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The PennEast Pipeline project faces a major setback after a Third Circuit court decision

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The PennEast Pipeline project faces a significant roadblock after a federal appeals court decided that the company could not condemn state land to build part of the pipeline.

The Third Circuit Court of Appeals on Sept. 10 reversed a lower court’s decision that allowed PennEast to condemn about 42 parcels of New Jersey state land.

The court stated under the 11th Amendment of the U.S. Constitution, the state is immune from condemnation lawsuits by private parties, including pipeline companies.

“PennEast will review in detail the Third Circuit Court’s opinion and then determine its next steps. PennEast remains committed to moving forward with the PennEast Pipeline Project to provide New Jersey and Pennsylvania residents and businesses increased access to clean, affordable natural gas,” said Patricia Kornick, spokeswoman for PennEast.

PennEast had argued that the federal Natural Gas Act allowed the company to condemn all needed properties along the path of the proposed pipeline. Through the Third Circuit decision on Sept. 10 the court stated the company does not overcome New Jersey’s sovereign immunity under the Constitution.

The Natural Gas Act is a federal law that allows private gas companies to exercise the federal government’s power to take property by eminent domain, under certain requirements.

The $1 billion project proposes the construction of a 116-mile-long natural gas pipeline from Pennsylvania into New Jersey.

“We will not hesitate to stand up to private companies when their actions violate the law—or, in this case, the U.S. Constitution,” NJ Attorney General Gurbir Grewal said. “From the very beginning, we have made clear that the 11th Amendment prohibits private pipeline companies like PennEast from condemning state properties for private use, and we’re pleased that the Third Circuit agreed with our position. This is great news for New Jersey and the environment.”

The pipeline’s construction would occur in the Hopewell area, while the New Jersey leg of the pipeline accounts for one-third of the total project.

“We were thrilled that the Third Circuit saw this issue the same way that essentially we did. It just seemed unthinkable to me that a private company could take publicly preserved land for profit,” Hopewell Township Mayor Kristin McLaughlin said. “It was a good day for Hopewell Township when the decision came down from the Third Circuit.”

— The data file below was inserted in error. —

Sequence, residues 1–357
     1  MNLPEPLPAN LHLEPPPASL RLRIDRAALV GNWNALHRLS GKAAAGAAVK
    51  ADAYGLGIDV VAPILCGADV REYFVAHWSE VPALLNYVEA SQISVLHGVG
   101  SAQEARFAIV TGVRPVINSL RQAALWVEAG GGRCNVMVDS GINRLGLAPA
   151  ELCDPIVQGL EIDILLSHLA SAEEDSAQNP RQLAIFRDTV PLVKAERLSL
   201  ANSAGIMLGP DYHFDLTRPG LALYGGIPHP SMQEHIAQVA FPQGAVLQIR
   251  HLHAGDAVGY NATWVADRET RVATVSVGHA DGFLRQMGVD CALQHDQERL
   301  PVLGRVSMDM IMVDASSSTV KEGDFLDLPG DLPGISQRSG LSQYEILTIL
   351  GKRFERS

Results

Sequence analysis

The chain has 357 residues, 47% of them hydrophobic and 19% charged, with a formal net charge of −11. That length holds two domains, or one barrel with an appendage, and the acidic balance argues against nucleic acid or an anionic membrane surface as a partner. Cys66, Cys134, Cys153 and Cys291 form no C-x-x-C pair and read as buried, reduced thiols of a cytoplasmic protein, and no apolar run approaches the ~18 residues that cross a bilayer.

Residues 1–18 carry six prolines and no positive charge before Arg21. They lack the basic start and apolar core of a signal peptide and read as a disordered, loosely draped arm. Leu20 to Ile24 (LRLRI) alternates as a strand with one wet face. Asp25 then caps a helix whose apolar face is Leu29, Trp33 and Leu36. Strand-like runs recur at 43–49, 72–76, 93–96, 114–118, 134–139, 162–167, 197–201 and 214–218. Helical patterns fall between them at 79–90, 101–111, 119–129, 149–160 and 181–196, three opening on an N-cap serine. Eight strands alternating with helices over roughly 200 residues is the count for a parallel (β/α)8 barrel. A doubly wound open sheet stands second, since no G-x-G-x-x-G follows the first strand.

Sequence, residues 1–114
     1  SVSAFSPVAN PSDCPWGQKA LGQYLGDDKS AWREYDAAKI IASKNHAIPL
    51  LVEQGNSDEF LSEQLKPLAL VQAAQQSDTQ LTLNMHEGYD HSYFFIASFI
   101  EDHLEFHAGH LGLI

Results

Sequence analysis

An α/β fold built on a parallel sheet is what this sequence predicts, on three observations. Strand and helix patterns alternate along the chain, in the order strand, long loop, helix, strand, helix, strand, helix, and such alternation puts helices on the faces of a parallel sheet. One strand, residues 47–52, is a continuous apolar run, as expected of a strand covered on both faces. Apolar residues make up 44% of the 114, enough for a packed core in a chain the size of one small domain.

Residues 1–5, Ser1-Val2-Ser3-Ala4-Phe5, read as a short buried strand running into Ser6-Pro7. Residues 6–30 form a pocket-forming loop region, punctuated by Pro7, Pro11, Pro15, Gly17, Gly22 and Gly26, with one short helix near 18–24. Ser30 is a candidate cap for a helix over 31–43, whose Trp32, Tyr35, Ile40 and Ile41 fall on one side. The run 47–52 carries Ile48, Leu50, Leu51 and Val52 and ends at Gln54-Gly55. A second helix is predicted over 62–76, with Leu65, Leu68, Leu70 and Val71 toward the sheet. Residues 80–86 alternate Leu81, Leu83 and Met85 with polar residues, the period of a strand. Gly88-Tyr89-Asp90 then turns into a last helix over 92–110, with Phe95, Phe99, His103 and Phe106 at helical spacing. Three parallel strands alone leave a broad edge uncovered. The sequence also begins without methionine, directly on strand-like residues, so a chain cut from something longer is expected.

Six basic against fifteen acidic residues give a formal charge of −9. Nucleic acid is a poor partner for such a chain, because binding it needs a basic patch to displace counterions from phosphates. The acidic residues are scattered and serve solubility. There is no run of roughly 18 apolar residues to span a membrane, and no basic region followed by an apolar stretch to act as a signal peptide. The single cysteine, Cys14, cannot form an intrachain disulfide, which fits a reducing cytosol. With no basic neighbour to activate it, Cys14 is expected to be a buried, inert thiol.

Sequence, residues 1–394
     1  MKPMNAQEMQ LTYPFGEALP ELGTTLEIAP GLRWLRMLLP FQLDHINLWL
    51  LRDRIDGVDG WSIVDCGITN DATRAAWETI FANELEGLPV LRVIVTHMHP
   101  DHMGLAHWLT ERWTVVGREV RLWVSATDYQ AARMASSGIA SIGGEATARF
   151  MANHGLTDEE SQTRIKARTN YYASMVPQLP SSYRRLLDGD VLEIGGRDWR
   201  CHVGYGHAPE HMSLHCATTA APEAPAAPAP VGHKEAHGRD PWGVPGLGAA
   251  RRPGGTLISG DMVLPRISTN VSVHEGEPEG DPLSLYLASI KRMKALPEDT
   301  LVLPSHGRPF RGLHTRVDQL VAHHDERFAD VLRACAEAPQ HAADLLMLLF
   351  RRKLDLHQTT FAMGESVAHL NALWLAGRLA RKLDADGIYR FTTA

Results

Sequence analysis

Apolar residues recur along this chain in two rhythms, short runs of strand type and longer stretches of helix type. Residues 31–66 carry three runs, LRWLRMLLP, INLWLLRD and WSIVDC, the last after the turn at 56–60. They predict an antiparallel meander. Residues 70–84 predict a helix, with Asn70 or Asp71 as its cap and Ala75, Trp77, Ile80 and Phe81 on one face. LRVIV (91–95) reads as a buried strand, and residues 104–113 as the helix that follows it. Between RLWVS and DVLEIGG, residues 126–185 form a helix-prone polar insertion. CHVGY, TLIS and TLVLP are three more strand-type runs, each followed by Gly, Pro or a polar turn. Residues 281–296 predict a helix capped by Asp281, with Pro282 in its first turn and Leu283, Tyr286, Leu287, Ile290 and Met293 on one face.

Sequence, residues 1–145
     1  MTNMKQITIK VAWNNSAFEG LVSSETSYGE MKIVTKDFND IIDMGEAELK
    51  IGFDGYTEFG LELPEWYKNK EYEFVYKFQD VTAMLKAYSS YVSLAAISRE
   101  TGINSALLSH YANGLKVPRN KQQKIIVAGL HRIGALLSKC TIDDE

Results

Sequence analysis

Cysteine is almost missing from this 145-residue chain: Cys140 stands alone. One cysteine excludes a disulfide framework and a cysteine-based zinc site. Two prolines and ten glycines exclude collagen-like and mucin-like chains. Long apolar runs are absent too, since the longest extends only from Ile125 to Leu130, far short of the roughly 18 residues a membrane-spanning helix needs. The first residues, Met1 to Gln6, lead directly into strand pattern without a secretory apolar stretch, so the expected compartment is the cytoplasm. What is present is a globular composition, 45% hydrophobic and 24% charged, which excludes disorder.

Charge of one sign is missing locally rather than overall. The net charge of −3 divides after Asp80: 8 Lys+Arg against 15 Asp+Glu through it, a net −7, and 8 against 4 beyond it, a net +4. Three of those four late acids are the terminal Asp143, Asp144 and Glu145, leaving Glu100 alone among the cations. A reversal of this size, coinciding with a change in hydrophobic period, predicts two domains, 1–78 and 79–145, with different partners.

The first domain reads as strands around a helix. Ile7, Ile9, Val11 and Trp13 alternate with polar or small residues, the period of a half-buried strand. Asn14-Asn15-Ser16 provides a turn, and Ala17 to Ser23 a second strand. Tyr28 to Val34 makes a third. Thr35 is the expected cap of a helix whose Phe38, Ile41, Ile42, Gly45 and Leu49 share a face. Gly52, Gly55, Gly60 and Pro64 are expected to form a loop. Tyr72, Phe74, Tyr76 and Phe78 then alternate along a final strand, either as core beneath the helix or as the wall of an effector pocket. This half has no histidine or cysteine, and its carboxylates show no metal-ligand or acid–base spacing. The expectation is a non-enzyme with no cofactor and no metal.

She said the township early on has been fighting the construction of New Jersey leg of the pipeline.

Company officials said the pipeline route in New Jersey largely aligns with decades-old power lines and roads to dramatically lower overall impacts. As a result, wetland impacts are reduced by nearly half, with a total project footprint reduced by more than 20%, according to officials.

Timothy Duggan is a partner with Stark & Stark, a Lawrence Township based law firm, who has experience in eminent domain.

“This is a pretty big decision on the Jersey side. The decision put the whole pipeline in jeopardy for several reasons,” Duggan said. “First, PennEast now has to figure out whether or not they are legally permitted to acquire any property rights owned by the state. If they are not able to do that, they either have to re-route the pipeline or cancel it. We believe this decision sets them back one to two years.”

Duggan and the firm are representing four municipalities, including Hopewell Township, two nonprofit organizations and 45 property owners.

Duggan said he believes it will be very difficult for the company to re-route a pipeline in New Jersey without crossing a property in which the state has an interest.

“We will argue that the eminent domain cases should not be allowed to proceed because the whole pipeline project is now in jeopardy and may never be built. We do not believe it is fair that property owners have their property taken when the pipeline may never be built,” he said.

Duggan is referring to the 43 cases involving eminent domain that are awaiting a decision at the appellate level. He said they are still digesting the decision and reviewing various options that they have.

The PennEast pipeline project also faced opposition from organizations such as the Watershed Institute in Pennington. Watershed officials said they also were pleased with the Third Circuit’s decision.

“This ruling is a great victory in the fight against PennEast,” said Jim Waltman, executive director of The Watershed Institute. “We stand poised ready to protect the safety of New Jersey’s waterways and environment.”

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